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Bladder cancer is a form of cancer that develops within the epithelial cells, or the lining of the bladder. The bladder is a muscular organ that stores urine prior to excretion. There are other types of bladder cancer, including lymphoma and sarcoma, but they are very rare. Most bladder cancers occur in older adults and are diagnosed at an early stage. When caught early, bladder cancer is easily treatable. However, it has a high recurrence rate. Follow-up medical visits are crucial for patients with a history of bladder cancer.

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Diagnostic Process and Complications

Patients complaining of symptoms similar to bladder cancer can easily be misdiagnosed with prostate infections, cystitis, or other non-cancerous disease. It is important for the doctor to run multiple tests when diagnosing the patient. A cystoscopy is typically the first examination. It involves the insertion of a tube into the urethra to locate and biopsy any suspicious lesions. Urine cytology is another test that may be performed with any voided urine after the cystoscopy. However, if the results of urine cytology are negative for bladder cancer, they can be highly inconclusive. Imaging methods, such as CT scans and X-rays, have also been used.

Bladder cancer is commonly mistaken for:

  • Overactive bladder
  • Bladder stones
  • Cystitis, or inflammation of the bladder
  • Bladder infections, or urinary tract infection
  • Pyelonephritis, or kidney infections
  • Benign prostatic hyperplasia, or enlargement of the prostate gland
  • Bladder papilloma and other benign bladder tumors
  • Kidney cancer
  • Prostate cancer
  • Renal cell carcinoma

Risks and Prevention of Bladder Cancer

It can be difficult to determine one specific cause for bladder cancer. Parasites, smoke carcinogens, infections, certain chemicals, and dehydration have all been linked to types of bladder cancer. Avoiding external risk factors, such as smoke or chemicals, is an important part of bladder cancer prevention. Hormone replacement therapy has been linked to a lower risk of bladder cancer. A diet high in fruits and vegetables may deter cancer from developing. Raw broccoli was found to be especially helpful. Another study of 48,000 men indicated the importance of drinking enough water, at least 6.5 cups per day, in the prevention of bladder cancer.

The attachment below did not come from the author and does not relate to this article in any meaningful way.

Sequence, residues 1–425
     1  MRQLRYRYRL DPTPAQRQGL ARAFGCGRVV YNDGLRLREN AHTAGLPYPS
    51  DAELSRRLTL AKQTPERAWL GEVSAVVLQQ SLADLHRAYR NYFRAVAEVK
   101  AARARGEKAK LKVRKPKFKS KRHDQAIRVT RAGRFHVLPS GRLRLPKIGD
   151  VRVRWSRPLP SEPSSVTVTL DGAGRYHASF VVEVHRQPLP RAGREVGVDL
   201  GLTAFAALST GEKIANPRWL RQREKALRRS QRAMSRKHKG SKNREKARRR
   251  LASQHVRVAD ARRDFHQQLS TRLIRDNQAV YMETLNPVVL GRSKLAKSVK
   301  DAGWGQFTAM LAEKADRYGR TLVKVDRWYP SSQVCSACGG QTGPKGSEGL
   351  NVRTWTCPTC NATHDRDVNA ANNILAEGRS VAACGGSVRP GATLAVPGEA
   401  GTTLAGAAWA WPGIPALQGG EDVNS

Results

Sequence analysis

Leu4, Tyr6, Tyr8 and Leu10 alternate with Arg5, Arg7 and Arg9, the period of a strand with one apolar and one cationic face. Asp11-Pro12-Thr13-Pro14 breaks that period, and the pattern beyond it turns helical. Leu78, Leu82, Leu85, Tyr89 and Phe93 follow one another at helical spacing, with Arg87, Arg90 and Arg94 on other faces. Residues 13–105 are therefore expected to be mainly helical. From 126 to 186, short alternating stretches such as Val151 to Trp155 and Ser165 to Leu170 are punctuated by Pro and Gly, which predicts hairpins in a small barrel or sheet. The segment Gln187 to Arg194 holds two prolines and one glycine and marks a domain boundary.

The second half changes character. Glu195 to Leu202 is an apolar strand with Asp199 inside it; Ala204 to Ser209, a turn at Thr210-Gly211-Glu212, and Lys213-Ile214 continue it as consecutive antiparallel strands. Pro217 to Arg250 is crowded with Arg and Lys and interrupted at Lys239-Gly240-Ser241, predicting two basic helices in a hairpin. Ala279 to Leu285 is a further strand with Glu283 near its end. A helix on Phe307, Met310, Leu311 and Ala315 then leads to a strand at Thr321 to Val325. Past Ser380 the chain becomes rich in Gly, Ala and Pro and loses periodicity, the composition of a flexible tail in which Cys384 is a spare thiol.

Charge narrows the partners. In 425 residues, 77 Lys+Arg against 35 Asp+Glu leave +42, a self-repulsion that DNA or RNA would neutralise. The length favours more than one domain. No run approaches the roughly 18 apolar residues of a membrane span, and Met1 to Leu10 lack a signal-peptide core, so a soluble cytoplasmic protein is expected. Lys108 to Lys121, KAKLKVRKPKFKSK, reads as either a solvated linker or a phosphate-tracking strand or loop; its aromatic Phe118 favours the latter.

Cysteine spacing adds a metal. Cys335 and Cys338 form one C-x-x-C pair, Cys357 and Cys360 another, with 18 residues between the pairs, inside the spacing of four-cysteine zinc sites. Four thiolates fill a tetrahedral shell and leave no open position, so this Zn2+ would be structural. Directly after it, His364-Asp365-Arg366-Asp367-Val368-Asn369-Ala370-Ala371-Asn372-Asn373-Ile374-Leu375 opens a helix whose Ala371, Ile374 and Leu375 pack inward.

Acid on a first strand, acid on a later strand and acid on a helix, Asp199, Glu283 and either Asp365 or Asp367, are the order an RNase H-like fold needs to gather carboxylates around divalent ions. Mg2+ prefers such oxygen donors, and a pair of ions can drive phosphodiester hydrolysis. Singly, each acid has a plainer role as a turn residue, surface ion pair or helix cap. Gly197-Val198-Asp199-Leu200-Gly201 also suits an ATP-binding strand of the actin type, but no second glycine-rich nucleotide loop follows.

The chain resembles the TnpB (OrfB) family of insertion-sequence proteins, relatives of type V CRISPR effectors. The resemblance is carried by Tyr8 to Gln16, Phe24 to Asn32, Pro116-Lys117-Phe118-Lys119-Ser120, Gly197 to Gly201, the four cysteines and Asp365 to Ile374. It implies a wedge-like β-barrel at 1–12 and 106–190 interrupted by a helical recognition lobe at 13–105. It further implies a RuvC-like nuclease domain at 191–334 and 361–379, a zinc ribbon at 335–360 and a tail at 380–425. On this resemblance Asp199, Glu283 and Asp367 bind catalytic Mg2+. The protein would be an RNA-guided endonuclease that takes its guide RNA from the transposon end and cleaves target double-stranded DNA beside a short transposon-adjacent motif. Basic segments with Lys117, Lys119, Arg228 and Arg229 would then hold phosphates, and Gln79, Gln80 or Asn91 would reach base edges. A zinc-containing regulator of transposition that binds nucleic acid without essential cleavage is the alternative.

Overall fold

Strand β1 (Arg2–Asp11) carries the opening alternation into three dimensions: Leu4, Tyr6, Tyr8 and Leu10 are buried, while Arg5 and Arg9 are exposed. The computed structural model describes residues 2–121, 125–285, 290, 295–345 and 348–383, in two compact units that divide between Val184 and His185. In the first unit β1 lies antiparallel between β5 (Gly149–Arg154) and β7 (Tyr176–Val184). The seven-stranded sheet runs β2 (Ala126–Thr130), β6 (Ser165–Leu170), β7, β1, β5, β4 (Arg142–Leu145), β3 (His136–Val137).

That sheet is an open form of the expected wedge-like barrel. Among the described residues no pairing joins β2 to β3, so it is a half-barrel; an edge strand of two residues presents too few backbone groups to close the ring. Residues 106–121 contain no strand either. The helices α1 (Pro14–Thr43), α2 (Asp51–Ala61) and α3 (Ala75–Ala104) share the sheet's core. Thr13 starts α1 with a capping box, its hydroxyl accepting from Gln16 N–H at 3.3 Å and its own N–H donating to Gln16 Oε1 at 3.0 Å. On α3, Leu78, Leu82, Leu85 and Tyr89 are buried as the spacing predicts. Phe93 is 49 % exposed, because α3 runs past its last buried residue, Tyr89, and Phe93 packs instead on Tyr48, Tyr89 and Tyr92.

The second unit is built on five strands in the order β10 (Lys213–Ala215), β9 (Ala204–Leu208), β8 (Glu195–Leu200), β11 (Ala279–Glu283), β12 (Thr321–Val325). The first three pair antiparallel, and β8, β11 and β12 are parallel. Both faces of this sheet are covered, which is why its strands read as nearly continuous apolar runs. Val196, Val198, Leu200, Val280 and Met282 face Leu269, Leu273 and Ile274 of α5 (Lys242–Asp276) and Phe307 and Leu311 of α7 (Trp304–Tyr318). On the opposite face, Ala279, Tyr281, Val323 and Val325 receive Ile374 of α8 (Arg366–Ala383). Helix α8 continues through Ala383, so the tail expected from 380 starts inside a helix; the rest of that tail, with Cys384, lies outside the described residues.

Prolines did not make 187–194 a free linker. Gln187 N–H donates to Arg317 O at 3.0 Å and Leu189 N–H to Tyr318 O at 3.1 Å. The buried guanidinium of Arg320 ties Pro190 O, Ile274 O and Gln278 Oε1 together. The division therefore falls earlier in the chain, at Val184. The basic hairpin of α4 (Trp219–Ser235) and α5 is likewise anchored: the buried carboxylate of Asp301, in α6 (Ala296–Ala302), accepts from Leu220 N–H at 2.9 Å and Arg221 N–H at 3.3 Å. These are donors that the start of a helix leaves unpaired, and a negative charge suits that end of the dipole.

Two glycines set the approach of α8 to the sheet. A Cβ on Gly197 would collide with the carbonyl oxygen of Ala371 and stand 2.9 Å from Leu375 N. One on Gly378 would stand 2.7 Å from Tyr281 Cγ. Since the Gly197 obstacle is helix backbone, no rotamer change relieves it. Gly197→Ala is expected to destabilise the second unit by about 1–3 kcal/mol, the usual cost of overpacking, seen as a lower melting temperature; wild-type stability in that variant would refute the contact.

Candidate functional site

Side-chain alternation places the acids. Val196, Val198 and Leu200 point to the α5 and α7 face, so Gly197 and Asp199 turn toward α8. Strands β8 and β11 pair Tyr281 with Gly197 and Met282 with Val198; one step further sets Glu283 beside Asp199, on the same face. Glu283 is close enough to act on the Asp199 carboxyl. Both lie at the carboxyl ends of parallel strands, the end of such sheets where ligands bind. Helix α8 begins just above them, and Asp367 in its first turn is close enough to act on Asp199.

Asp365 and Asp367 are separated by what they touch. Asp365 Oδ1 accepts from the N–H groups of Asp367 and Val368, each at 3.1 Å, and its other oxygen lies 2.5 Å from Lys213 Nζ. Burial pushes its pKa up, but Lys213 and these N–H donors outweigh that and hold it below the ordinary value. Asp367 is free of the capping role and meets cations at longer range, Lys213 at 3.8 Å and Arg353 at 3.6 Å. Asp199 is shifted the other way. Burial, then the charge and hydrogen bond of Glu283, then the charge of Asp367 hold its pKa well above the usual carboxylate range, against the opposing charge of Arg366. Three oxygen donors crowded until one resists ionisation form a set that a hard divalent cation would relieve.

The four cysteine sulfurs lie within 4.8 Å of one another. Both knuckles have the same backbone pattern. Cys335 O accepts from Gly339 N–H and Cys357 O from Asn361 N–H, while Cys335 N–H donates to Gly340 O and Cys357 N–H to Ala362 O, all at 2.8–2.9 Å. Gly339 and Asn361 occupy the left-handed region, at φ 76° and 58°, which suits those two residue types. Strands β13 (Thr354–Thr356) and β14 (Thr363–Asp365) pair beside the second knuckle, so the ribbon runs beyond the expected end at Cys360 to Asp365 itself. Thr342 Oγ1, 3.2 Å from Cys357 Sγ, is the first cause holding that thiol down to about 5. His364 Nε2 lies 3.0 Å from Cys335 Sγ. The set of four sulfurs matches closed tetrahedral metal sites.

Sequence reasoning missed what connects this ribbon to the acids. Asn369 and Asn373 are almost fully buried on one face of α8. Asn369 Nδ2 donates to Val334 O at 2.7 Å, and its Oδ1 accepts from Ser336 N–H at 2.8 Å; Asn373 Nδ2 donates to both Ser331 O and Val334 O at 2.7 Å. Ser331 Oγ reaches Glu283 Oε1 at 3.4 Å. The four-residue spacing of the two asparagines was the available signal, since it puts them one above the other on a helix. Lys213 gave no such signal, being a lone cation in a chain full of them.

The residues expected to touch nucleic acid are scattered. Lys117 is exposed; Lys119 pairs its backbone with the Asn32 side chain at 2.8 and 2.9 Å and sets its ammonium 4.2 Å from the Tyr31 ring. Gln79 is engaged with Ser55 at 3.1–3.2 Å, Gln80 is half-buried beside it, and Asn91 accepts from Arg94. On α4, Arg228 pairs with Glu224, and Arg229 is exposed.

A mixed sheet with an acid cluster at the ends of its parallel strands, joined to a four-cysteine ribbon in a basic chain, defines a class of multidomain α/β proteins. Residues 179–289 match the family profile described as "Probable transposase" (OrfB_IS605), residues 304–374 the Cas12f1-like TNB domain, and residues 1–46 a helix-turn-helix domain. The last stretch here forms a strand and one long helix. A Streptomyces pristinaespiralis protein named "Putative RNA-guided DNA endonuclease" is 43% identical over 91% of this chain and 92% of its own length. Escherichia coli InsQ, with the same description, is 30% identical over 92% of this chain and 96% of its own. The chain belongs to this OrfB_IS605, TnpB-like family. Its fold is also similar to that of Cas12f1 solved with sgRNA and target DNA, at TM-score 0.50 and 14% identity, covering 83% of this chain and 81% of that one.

Factors that increase risk of bladder cancer include:

Being white or male 

Bladder cancers frequently occur in males and people of white race.

Over the age of 40 

While bladder cancer may develop at any age, it is more likely to develop in adults.

Smoking

It is suspected that carcinogens found in tobacco smoke come into contact with the epithelial cells of the bladder during excretion. They cause abnormal growth within the lining of the bladder.

Family history of bladder cancer

Family history is an important factor for any type of cancer. Cancers that are common within a family are more likely to develop in its immediate family members.

Personal history of cancer

Bladder cancer has a high recurrence rate. Patients with a history of this cancer should be tested regularly.

Previous cancer treatment

Cyclophosphamide, or Cytoxan, are drugs used during certain cancer therapies that may also cause bladder cancer. Any radiation focused on the pelvis will also increase patient risk.

Diabetes medication

Pioglitazone is a drug contained in many diabetes medications, such as Actos, Actoplus Met, and Duetact. This drug has been linked totypes of bladder cancer.

Specific chemicals

The kidneys act as a filtration system for the body and are closely linked with the bladder. When the body filters certain chemicals, trace amounts will likely come into contact with the bladder lining. Hazardous chemicals are used to make arsenic, paints, textile materials, textile dyes, hair dyes, rubber, and leather. Long-term exposure to disinfection by-products (DBP) in drinking water has also been provenas an increased risk for bladder cancer.

Symptoms of Bladder Cancer

Bladder cancer can be hard to diagnose, due to the vague symptoms involving:

  • Painful urination
  • Polyuria, or frequent urination
  • Feeling a need to urinate, without any urine excretion
  • Back pain
  • Pelvic pain
  • Blood in urine, which may or may not be visible without lab tests

 

Sources:

“Arsenic and lung and bladder cancer.”Environmental Health Perspectives 119.3 (2011): A106. Academic OneFile.Web. 20 June 2012.
“Bladder cancer, DBPs, and genetic polymorphisms.”Environmental Health Perspectives 118.11 (2010): A463. Academic OneFile.Web. 20 June 2012.
“Bladder cancer risk higher in long-serving hairdressers.”Nursing Standard 24.43 (2010): 17. Academic OneFile.Web. 20 June 2012.
“Consuming broccoli improves longevity in bladder cancer.” Nursing Standard 25.2 (2010): 17. Academic OneFile.Web. 20 June 2012.
“Hormone replacement therapy may reduce risk of bladder cancer.” Nursing Standard 25.46 (2011): 16+. Academic OneFile.Web. 20 June 2012.
“Long exposure to paint increases risk of bladder cancer.” Nursing Standard 25.1 (2010): 15. Academic OneFile.Web. 20 June 2012.
O’Connor, Anahad. “Hazards: Smokers’ Bladder Cancer Risk Has Risen.” New York Times 23 Aug. 2011: D6(L). Academic OneFile.Web. 20 June 2012.